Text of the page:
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A Commitment to Kindness Does Not Mean Surrendering Your Convictions
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A Commitment to Kindness Does Not Mean Surrendering Your Convictions

What civility is and is not.

The hearing was set for Friday, October 13, 2000, and I was not optimistic. My client was the Tufts Christian Fellowship (TCF), a Christian student group affiliated with InterVarsity Christian Fellowship, a national Christian student ministry. The issue was whether TCF could stay on the Tufts University campus. The previous semester the Tufts student judiciary had expelled it from campus in a late-night “emergency” meeting without providing TCF with notice or an opportunity to be heard. 

What campus crime did TCF commit that required an emergency expulsion? It had applied its statement of faith to exclude a gay student from leadership because she did not agree with the group’s traditional Christian stance on sexual morality. They didn’t exclude her from leadership because she was lesbian—they’d known about her sexual orientation and included her in the group from the first days of her freshman year—but because she did not share’s the group’s theological views about sex. 

To put it plainly, TCF—like any expressive organization—wished to be led by people who shared its values. This is a fundamental, bedrock principle of expressive association. Should campus regulations require an LGBT group to be open to leaders who, for example, oppose gay marriage? That would be absurd.

But if I was defending a bedrock principle of expressive association, why was I pessimistic about the hearing? Tufts is a private university. The First Amendment did not protect TCF. Our task was to persuade a student judiciary that TCF had not violated the university’s rules and to appeal to the university’s commitments to diversity and academic freedom to convince them to keep TCF on campus.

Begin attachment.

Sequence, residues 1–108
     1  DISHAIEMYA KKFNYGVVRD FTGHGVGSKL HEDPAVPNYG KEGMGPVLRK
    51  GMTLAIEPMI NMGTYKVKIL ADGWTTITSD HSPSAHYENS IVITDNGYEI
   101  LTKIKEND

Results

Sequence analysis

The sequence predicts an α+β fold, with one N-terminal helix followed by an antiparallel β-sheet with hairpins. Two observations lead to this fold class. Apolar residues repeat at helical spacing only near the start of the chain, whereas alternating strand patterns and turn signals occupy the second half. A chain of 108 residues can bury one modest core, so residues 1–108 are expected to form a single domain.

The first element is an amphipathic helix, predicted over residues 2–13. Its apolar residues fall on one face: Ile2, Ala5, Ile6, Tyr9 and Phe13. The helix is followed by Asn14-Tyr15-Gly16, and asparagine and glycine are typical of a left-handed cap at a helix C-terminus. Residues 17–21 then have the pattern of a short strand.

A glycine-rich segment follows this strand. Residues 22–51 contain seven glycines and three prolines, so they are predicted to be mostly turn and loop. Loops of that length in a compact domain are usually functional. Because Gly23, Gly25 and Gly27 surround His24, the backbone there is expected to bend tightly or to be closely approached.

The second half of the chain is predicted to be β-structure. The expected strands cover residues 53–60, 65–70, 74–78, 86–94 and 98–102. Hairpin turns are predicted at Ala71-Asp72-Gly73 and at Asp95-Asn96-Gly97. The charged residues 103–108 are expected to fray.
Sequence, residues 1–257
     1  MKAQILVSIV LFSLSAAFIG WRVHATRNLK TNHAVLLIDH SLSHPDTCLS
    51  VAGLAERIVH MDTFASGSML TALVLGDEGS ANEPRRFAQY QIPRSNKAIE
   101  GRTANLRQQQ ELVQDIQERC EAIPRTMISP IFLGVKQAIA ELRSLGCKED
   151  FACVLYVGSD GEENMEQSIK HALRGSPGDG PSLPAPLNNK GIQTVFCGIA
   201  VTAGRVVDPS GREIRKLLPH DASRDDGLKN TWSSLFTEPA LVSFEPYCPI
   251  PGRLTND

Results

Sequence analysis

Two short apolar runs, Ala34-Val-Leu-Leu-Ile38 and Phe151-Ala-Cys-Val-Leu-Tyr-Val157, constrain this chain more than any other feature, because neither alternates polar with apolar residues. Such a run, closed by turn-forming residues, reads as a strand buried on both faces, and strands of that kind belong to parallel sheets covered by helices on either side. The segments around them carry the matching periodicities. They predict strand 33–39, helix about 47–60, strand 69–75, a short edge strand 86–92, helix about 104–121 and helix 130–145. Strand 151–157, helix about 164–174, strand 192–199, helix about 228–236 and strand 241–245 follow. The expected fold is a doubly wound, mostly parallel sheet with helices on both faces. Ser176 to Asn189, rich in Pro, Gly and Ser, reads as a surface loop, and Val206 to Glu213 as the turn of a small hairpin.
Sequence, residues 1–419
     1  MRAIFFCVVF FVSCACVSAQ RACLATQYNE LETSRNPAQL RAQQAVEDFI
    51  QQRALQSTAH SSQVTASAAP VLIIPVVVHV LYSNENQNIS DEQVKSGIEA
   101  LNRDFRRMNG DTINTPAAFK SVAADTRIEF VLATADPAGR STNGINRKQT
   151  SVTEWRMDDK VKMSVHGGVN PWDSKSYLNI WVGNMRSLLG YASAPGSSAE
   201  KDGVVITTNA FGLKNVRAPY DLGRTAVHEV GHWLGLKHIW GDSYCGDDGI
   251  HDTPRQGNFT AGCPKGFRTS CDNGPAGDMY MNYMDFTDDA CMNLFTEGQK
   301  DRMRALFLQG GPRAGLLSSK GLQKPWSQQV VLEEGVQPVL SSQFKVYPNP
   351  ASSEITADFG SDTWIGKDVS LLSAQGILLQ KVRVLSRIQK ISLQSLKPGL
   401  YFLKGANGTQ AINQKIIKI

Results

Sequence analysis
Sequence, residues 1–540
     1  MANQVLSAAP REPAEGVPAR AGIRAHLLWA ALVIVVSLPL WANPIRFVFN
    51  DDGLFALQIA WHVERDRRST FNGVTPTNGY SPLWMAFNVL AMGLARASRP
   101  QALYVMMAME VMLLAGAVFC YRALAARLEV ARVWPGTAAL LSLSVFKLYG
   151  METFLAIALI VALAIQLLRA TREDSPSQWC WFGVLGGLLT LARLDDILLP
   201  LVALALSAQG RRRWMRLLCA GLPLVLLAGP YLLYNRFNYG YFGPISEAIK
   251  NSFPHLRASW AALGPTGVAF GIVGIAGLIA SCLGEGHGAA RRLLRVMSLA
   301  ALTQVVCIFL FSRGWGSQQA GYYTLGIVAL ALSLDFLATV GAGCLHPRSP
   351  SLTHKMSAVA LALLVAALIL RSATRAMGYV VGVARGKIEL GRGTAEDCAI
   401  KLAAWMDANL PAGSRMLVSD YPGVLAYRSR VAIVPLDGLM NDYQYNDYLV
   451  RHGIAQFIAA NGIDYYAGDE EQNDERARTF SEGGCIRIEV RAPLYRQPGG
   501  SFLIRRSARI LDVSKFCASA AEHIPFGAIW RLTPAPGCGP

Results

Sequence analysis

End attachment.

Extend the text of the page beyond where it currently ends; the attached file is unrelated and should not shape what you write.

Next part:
Even worse, the student judiciary was an elected body, and many of the candidates had run on the platform of tossing TCF off campus. Tensions were high, hateful anti-Christian “chalkings” had covered the sidewalks, and we knew that we were walking into a protest outside the hearing room doors. 

I was not, however, prepared for what happened next. TCF had dozens of members, but the group’s student leaders asked them to stay at a house off campus and pray rather than walk with them to the hearing. We didn’t want to exacerbate tensions. Instead, I led a small band of students—four leaders and one witness—into the student center and towards the hearing room.

Everything was dark. Protesters had turned out the lights. They filled the halls. Some had candles, some just stood in the darkness. Several walked up menacingly to the TCF student leaders and glared at them, their faces inches away. We tried to hurry through the crowd to get to the hearing room, but when we tried to enter, we were told to leave. The student judges weren’t ready yet.

So we stood outside the room, huddled in a corner, in the dark, surrounded by a wall of angry protesters. I tried to act unconcerned, but it was a deeply intimidating moment. One of the young TCF leaders started visibly shaking. 

When we were finally allowed in the hearing room, the proceedings immediately felt like a kangaroo court. The case against TCF was full of falsehoods. The judiciary broke its own rules to permit activists to speak against the group (only actual witnesses were supposed to testify). By the time Jonathan, TCF’s student leader, stood up to speak, he’d been through an ordeal. He’d walked to class through anti-Christian chalkings, he’d just endured physical intimidation, and now he’d heard an avalanche of false claims.